How do you smooth over employee conflicts?


It would be wonderful if every workplace ran smoothly all the time, but that isn’t reality. There will be conflicts between employees, and while minor disagreements are inevitable and usually easy to smooth over, longer-term grudges are disruptive, both for employees and for customers who can’t help but notice the chill in the air.

As management, your position shouldn’t be simply a referee who tells the combatants to go back to their respective corners. Even so, you have to be more than just the judge who listens to both sides of the story and makes a decision. Instead, you want to be a mediator, guiding the people involved to come to a truce. From there, you should be periodically looking at the overall “operating temperature” in your store, to help prevent more issues in future.

Be aware of what’s happening in your store. Very few conflicts explode full-blown from the start; most are issues that grow over time. Minor disagreements usually blow over, but follow up later to ensure everything is settled. You’ll want to be proactive if there’s noticeable tension between people, which seldom gets better without intervention.

Watch for inter-department issues. There was likely a fault line between sales and service on the day the very first dealership opened its doors. Salespeople might sense resentment when they bring a customer to the service desk, while service advisors might think they’re being bullied to put that person ahead of their own customers – and in some instances, either suspicion may be correct. Meet up with the service manager regularly to go over any problems either of you may be encountering. It might even be helpful to occasionally get everyone in both departments together for a discussion on the best way to look after all customers.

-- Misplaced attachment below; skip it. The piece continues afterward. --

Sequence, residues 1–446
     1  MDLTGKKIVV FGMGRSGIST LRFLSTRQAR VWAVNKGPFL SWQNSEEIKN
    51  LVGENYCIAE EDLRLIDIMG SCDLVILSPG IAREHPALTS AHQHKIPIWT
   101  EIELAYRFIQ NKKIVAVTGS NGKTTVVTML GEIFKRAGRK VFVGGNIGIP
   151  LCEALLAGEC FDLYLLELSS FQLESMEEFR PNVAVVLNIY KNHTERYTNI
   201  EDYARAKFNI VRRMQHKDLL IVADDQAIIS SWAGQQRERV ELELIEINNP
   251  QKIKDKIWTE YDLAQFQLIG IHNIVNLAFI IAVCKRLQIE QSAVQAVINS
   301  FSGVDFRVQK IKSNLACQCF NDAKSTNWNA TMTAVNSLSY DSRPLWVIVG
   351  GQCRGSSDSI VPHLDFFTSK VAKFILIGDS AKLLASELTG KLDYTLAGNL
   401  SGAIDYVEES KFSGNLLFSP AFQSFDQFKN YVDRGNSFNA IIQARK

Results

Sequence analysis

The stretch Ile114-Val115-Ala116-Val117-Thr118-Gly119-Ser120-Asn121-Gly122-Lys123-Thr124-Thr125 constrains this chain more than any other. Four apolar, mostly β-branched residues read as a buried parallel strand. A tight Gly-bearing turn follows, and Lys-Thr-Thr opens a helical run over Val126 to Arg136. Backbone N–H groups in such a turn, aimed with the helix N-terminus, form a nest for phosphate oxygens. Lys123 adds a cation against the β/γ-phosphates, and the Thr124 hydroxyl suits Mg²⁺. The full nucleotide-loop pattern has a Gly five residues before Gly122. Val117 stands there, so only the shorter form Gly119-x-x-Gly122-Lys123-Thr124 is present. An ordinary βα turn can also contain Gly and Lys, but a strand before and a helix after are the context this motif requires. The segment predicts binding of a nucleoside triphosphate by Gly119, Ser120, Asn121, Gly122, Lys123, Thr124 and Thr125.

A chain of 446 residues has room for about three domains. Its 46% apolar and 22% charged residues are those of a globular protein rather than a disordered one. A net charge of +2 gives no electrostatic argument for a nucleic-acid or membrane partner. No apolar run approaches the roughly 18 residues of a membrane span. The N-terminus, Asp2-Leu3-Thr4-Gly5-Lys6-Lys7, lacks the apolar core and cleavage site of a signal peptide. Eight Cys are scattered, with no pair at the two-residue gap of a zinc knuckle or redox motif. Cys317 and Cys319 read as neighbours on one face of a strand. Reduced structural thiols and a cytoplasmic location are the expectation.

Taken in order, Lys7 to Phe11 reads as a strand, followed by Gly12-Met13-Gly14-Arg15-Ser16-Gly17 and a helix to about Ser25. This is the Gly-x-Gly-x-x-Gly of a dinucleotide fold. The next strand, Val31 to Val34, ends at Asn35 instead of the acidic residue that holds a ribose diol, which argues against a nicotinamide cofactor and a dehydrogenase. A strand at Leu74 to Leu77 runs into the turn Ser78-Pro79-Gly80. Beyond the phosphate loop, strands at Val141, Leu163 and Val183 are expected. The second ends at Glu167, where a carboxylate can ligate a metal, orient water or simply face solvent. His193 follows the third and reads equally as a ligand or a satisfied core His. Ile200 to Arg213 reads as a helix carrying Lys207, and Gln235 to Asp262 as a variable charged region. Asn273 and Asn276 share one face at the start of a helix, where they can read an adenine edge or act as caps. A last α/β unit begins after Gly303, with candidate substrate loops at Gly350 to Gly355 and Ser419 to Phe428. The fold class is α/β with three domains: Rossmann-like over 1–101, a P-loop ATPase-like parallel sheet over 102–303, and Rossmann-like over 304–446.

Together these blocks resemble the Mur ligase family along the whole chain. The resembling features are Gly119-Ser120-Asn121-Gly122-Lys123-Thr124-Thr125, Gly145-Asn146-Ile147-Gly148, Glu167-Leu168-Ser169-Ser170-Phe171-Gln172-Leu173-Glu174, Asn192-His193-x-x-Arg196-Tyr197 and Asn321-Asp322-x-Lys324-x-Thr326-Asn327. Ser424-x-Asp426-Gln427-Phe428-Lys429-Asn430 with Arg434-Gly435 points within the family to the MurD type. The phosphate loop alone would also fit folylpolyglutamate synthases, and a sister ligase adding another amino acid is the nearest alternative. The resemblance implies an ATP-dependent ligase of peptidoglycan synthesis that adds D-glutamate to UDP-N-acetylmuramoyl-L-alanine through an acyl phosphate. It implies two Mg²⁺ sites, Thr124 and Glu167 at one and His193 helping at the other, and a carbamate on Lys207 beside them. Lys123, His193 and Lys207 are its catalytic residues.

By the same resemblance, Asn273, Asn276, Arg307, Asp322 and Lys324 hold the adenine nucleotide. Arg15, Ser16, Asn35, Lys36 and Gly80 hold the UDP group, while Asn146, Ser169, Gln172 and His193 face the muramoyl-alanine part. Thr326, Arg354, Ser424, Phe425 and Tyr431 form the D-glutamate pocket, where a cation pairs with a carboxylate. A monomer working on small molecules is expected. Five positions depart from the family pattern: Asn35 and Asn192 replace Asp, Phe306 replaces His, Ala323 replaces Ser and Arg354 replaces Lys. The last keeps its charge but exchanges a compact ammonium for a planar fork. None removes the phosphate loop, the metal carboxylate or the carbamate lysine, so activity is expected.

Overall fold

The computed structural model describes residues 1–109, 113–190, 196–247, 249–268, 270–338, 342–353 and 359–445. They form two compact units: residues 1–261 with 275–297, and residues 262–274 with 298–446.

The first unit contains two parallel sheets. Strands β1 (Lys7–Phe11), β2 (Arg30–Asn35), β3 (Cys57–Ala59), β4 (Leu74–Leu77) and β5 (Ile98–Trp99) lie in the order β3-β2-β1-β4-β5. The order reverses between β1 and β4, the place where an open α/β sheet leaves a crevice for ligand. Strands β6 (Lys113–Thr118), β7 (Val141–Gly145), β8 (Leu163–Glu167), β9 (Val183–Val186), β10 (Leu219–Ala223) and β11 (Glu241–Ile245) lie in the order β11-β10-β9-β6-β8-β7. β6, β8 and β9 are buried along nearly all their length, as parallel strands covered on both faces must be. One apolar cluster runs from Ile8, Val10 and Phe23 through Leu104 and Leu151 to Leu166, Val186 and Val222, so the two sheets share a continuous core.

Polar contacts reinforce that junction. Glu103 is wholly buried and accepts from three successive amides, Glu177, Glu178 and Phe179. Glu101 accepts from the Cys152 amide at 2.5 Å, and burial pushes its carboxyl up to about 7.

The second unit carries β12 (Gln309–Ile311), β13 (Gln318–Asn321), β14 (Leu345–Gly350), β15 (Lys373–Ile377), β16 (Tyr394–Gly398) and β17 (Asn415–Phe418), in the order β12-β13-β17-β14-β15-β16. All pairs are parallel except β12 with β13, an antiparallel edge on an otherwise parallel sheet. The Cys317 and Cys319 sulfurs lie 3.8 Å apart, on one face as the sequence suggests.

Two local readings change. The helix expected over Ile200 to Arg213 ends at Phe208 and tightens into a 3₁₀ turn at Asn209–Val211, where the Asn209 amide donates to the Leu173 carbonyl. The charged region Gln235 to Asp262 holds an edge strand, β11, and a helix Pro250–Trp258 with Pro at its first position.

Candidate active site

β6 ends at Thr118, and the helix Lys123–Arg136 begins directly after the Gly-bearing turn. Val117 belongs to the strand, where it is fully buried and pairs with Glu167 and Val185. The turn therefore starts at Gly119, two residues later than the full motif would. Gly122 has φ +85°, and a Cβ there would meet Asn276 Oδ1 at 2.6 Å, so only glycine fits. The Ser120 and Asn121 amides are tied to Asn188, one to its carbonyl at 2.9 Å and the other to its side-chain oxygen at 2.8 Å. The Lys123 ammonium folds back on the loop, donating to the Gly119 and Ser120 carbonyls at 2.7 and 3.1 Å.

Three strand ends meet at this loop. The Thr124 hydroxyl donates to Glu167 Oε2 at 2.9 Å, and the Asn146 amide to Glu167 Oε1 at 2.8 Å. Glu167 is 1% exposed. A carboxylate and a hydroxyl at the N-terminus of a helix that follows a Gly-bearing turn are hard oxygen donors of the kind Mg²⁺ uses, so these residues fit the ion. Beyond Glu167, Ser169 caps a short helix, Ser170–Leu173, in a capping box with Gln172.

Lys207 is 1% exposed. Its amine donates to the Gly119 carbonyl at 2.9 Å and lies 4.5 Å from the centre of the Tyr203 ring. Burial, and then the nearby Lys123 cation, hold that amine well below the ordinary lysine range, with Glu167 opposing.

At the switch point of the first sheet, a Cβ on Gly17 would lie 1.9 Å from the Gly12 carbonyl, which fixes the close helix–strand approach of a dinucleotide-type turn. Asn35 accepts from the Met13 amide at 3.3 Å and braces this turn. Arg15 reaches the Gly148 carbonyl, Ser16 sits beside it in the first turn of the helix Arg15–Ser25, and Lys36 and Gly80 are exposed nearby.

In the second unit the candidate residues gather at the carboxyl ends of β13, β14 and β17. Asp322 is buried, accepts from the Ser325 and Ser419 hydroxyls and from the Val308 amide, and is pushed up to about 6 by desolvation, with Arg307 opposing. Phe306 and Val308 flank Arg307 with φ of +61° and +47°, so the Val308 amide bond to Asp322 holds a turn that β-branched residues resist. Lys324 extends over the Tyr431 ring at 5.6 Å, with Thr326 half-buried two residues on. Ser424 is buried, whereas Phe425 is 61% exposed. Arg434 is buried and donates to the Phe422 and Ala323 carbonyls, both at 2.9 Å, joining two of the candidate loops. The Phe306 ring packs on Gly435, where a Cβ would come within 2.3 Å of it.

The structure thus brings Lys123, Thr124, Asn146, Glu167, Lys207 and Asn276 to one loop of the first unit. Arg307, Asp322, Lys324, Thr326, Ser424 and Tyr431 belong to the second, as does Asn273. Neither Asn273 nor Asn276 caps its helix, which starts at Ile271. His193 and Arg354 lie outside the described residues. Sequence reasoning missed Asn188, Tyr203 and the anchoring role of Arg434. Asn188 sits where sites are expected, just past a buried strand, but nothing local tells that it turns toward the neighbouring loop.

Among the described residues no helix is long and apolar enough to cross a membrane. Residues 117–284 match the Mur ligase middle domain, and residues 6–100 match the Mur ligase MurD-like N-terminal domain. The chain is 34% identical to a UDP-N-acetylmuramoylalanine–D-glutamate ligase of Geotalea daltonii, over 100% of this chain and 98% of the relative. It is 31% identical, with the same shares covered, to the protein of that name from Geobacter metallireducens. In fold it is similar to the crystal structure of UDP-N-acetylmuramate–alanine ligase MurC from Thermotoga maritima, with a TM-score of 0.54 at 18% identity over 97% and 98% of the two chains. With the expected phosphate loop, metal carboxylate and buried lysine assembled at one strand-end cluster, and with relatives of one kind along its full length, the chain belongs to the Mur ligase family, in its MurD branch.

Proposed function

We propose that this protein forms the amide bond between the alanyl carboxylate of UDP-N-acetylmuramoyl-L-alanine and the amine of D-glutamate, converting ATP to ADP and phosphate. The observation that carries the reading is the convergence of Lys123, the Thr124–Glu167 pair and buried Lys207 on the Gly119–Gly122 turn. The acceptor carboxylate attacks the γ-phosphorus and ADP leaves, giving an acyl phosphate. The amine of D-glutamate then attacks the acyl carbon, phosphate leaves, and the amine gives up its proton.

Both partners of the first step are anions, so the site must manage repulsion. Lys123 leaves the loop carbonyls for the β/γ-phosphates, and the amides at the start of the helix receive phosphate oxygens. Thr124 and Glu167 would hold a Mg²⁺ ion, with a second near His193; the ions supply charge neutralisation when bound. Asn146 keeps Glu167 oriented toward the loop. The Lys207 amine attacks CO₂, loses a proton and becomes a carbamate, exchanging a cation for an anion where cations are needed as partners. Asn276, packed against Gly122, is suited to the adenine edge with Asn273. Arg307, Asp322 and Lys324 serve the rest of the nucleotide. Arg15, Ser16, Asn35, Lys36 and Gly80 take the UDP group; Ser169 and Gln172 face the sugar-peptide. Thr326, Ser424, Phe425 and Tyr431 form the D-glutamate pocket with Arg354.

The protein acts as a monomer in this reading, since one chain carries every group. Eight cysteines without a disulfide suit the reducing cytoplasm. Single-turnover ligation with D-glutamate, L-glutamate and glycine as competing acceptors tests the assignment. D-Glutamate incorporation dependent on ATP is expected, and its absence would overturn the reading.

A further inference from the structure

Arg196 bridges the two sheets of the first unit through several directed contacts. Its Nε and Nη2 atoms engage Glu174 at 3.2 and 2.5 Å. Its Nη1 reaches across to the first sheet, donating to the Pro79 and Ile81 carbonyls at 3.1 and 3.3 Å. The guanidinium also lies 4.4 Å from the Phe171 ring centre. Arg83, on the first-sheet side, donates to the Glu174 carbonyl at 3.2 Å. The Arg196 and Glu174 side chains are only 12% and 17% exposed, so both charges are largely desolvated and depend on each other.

Look for warning signs. Bantering and occasional venting are normal behaviour. These occasional blow-ups have the potential to worsen, but don’t step in too quickly – you don’t want to look like the playground supervisor. Give people a chance to work out their grievances on their own, and if you are approached, suggest they try to figure it out themselves. Even so, watch the situation to make sure it doesn’t get out of hand. Intervene if you notice bullying or gossiping. Those can spread as others take sides, turning the entire department into a toxic environment.

Figure out a plan of action. When there are issues between two people, formulate a strategy before you step in, which can better help you maintain control of the situation. You know these people and can tailor your approach to them, but overall, experts suggest bringing the people involved together from the start. No matter how impartial you think you are (or try to be), people have an inherent tendency to form opinions based on the story they hear first.

We’re back to you being a mediator, not referee. You may have to step in occasionally to shut down interruptions when someone is presenting their side, but the goal of your plan is ultimately for the people involved to come to a solution under your supervision and guidance in the meeting.

Delegate responsibility if it’s the best plan of action. If the issue is with people who work under one of your managers, or if you have an HR manager, have that person speak with them. It’s possible you may ultimately have to step in, but it’s best to start within the department, rather than bypassing those managers and going directly to the “big boss.”

The business always comes first. This of course seems obvious, but personal feelings can sometimes get in the way, especially if one of the people involved is an employee you consider to be a friend. Don’t dismiss issues because you’re uncomfortable disciplining someone who’s become close to you. The initial problem will still be there, and now other employees may be hesitant to approach a boss who “takes sides.”

Always follow up. Once people have talked it out and come to an understanding, give it a couple of days and then do a quick check to be sure the issue actually is resolved and everything has moved forward from there.

Foster an “open-door” attitude with your employees. If you handle issues promptly and fairly, word will get out. Either individually or in a staff meeting, let all your employees know your policy: That not everyone gets along all of the time, and you realize this; that it’s best when people are open with each other and try to work it out on their own; and if that isn’t possible, that your door is always open for those who want to talk about what’s going on. Above all, the focus is on everyone working together, and when they do, the customer experience improves and so does everyone’s success in the business.